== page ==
Pie in a Jar, Three Ways - Food Gypsy

Pie in a Jar – Three Ways

Published On January 7, 2014 | By Gypsy | All Recipes, Featured, Pies & Tarts, Sweets & Treats

Three simple ideas for individual pies, fresh from the freezer, anytime.  Perfect for a picnic or outdoor entertaining, Pie in a Jar is my favorite do-it-yourself idea for rustic weddings and outdoor parties.  Don’t stop at sweet fruit pies, think savory and go chicken pot pie, or for the winter, Tourtiere.

We’re thinking weddings in January, yes, it’s true.  So many couples get engaged over the holidays it’s the perfect time to start planning.  The chef in my life popped the question  Christmas Eve 2011, we’ve had two years to scope some amazing events we’ve attended for great ideas.  This is one of my favorites.

To my mind, the reason Pie in a Jar makes such a great DIY wedding project for smaller, intimate weddings is because it can be done so far in advance.  Because they freeze so beautifully, either of these three options can be prepped up to a month in advance and baked the day before.  Better yet, store them in your deep freeze in the boxes the jars came in, and then, once they’re baked and cooled, lid them and load them straight back in for easy transport.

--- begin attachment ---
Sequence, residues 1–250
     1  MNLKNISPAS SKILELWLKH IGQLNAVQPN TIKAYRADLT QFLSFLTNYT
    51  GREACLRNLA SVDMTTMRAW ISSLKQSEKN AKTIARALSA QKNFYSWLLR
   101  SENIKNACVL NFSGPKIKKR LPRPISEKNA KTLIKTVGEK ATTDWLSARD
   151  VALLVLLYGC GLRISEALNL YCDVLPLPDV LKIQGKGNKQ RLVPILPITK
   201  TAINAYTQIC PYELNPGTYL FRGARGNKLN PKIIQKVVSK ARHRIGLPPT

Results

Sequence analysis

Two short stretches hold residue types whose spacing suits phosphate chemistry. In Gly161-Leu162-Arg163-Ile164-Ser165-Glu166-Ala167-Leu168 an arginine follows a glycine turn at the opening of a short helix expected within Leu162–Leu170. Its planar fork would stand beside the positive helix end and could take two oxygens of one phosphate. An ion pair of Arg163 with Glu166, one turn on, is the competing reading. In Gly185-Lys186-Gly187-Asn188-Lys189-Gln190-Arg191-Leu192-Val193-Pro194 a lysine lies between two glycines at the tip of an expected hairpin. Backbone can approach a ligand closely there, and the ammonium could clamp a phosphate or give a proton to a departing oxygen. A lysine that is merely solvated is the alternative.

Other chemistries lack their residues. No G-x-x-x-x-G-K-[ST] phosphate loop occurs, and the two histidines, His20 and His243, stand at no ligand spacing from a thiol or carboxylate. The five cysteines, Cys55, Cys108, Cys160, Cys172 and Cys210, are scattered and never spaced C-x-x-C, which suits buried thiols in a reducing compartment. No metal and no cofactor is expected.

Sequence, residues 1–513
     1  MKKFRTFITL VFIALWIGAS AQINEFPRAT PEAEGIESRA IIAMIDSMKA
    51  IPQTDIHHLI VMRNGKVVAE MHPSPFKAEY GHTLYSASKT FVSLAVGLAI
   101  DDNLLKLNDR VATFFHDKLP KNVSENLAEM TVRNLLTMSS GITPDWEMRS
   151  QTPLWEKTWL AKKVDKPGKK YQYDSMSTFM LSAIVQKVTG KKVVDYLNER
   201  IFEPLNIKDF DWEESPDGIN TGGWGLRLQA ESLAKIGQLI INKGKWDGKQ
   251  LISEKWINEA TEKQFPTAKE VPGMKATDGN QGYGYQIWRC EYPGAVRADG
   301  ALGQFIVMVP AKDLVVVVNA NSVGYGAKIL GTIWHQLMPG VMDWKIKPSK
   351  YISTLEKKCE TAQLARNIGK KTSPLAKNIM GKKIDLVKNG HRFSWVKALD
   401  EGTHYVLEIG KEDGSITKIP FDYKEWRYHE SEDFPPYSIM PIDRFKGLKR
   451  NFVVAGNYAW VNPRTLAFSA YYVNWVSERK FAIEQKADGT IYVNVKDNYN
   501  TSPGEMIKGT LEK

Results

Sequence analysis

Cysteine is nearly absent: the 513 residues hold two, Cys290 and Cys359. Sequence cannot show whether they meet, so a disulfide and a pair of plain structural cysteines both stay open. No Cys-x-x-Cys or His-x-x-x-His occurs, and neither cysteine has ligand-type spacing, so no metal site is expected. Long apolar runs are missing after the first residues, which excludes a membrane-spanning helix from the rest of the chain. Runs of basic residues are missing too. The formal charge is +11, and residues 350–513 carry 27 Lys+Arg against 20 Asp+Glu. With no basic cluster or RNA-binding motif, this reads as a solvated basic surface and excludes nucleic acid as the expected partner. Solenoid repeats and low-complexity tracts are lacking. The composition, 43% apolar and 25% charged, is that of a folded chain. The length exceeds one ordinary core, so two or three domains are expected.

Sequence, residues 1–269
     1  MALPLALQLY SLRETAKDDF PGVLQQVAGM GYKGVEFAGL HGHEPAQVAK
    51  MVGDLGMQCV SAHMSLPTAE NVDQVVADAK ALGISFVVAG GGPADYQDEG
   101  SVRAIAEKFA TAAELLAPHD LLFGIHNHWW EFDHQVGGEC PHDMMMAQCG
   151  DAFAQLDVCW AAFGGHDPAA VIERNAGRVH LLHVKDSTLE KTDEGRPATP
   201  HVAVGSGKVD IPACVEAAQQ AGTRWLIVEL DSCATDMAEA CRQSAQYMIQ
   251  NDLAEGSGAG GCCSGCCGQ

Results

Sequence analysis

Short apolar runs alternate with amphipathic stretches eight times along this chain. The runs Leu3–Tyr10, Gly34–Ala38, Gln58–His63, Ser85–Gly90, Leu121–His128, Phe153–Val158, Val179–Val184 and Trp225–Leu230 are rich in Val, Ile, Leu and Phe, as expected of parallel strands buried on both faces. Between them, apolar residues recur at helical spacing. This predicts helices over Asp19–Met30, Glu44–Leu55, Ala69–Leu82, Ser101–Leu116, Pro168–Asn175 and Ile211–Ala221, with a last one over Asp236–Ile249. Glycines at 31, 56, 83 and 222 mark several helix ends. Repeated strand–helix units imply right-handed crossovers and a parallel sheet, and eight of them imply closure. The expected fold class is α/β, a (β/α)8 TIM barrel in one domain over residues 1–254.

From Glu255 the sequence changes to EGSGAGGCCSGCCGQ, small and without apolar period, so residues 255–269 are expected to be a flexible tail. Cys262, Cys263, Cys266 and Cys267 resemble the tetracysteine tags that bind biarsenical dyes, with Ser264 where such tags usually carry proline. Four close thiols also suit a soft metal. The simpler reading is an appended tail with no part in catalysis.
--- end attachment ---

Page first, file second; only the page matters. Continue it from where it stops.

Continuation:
The best jar for these pies are the SHORT half-pint jars.  Taller jars are tougher to line with pastry, but will work with the crumble topping or the simpler version, topped with just a pastry cut-out.  The advantages of a no pastry style pie, is that your guests can see what the filling is at a glance, should you be serving buffet style.  It’s also faster, a lighter, healthier option, and shaves a bit off the budget.

Step one:  Make your pie crust.  

If you have a favorite recipe, terrific.  If not, check out our complete tutorial from our resident chef (Benoit Gelinotte) for a never fail Pate Brisse that may well become your favorite.

 Step Two:  Line your jars.

Once you have your pie dough, rip off inch and a half sized pieces, press them flat and then line first the top and then the sides of your jar.  Rolling the dough then trying to press it will cause wrinkles and overlapping, so just press it in against the glass.  No need to grease or spray your jars, with all the butter (or shortening if you opt for a vegetable based dough) your crust won’t stick to the jars.

Push your dough up the sides - Food Gypsy Line jar with pastry - Food Gypsy

Step Three:  Make your filling

I must have looked at twenty different recipes for Pie in a Jar, what varied was technique, not the recipe itself.  In the case of a crumble topped Pie in a Jar, many suggested starting with fresh fruit, topping with crumble and baking.  “Hmmmm,” I thought “as the fruit breaks down and cooks aren’t you going to loose a lot of volume?” so I tested it and, I was right, it was a half a pie in a jar!  If that’s your favorite option, I recommend that you precook your filling if you’re going with a crumble topping so you have a nice, sassy full jar.